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Natal: Crucible of South African Democracy

A Zulu boycott in Natal, where a low-grade civil war has brewed for a decade, could damage the credibility of national all-race elections

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An opinion poll conducted by the Johannesburg-based Sunday Times toward the end of last year found the ANC had 46 percent support in Natal compared to the IFP's 19 percent. But this does not mean that an outright ANC victory is a foregone conclusion. The poll gave the National Party (NP) 21 percent of the vote and the liberal Democratic Party (DP) 4 percent, bringing to 44 percent those not voting for the ANC.

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Buthelezi has successfully manipulated ethnic emotions to serve his cause. But his dilemma is that he cannot face the prospect of humiliation at the polls. ``The harsh reality is that he is the one man who could prevent the elections taking place,'' says a Western diplomat. ``So every effort has to be made to bring him into the constitutional process.''

Indian vote a factor

One of the most unpredictable factors in the Natal poll is the way the Indian community will vote. Indians, caught between their traumatic experience under apartheid and fear of black domination, have registered a 40 percent undecided vote in recent polls.

The remaining 60 percent appear to split around 50-50 between the NP with some opting for the DP and pro-Indian Minority Front of Amichand Rajbansi.

``Our people remember the past and how they were forcibly removed from their homes under apartheid,'' says Kishore Juggath, chairman of the ANC's Lower North Coast Zone near Durban. ``The problem is that a lot of Indians fear black violence, and they believe that the National Party can still provide them with security.''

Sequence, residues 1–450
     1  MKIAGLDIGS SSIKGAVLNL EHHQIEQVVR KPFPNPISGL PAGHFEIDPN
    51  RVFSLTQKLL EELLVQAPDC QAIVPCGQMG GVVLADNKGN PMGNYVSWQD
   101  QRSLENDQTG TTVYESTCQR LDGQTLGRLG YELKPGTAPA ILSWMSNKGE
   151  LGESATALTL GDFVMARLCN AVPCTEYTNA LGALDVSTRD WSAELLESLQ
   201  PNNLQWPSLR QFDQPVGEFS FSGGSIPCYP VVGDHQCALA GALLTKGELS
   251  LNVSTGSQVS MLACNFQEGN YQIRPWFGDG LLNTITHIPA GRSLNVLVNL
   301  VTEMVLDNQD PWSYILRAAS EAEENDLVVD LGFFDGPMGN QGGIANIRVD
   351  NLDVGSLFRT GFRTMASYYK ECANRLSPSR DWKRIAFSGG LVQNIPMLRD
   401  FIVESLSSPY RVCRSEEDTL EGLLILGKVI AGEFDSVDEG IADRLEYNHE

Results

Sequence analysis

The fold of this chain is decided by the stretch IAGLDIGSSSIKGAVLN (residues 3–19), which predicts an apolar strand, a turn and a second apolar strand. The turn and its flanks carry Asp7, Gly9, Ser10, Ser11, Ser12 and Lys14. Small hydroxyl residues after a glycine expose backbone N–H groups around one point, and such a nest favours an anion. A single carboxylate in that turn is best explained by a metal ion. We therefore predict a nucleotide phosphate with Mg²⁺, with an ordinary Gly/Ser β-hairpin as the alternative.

But Indians and whites are not the only people disillusioned with failed efforts to end the decade-old conflict between Inkatha and ANC-supporting Zulus.

``The ANC and IFP are always killing each other, and I am scared that the election is going to be very violent,'' says Sipho Dhlodhlo, a laborer at an automobile repair shop in Umhlanga north of Durban. ``I am a Christian, and I yearn for peace in our land. I am hoping that things will change after the election and that there will be more jobs and houses.''

Many Zulus in Natal are card-carrying members of both the IFP and ANC but support neither. ``Most black people in Natal will say they belong to the IFP or the ANC,'' says Vusi Ndlele, a technical student from KwaMashu near Durban. ``But many will vote for the National Party in the hope that it will bring peace.''

ANC President Nelson Mandela was given a hero's welcome when he visited Natal in December and drew crowds ranging between 5,000 and 15,000.

Both Mr. Mandela and De Klerk have rejected outright any question of a sovereign state in Natal.

The ANC's Jacob Zuma, former chairman of the ANC's branch in southern Natal, is the ANC's candidate for premier of the region and is widely regarded as the man most likely to replace Buthelezi as the region's most prominent politician. He has been a key figure in behind-the-scenes talks aimed at securing the Zulu monarchy.

It remains to be seen whether King Goodwill Zwelithini would accept the role of constitutional monarch with Mr. Zuma as premier of the region. Diplomats believe that this is a possible scenario if reports are true that Mandela has secretly offered Buthelezi a senior government post if he takes part in the election.

Voters wary of ANC power

Following a summit with Mandela on March 1, Buthelezi tentatively registered for the election but insisted that the IFP's participation be conditional on international mediation to resolve remaining differences between the IFP and ANC.

Many voters in the Indian, white, and mixed-race colored minorities have bought De Klerk's message that the power of the ANC must be checked if South Africa is to be spared from the fate of other African countries where abuse of power and corruption have led to rapid deterioration after independence.

``I am not saying that the NP will win,'' said Scott Norkie, a mixed-race artisan who decided to vote for the NP rather than the DP after attending a De Klerk rally in the colored neighborhood of Wentworth on March 3. ``But they will emerge as the second-strongest party and the most effective to keep the ANC in check.''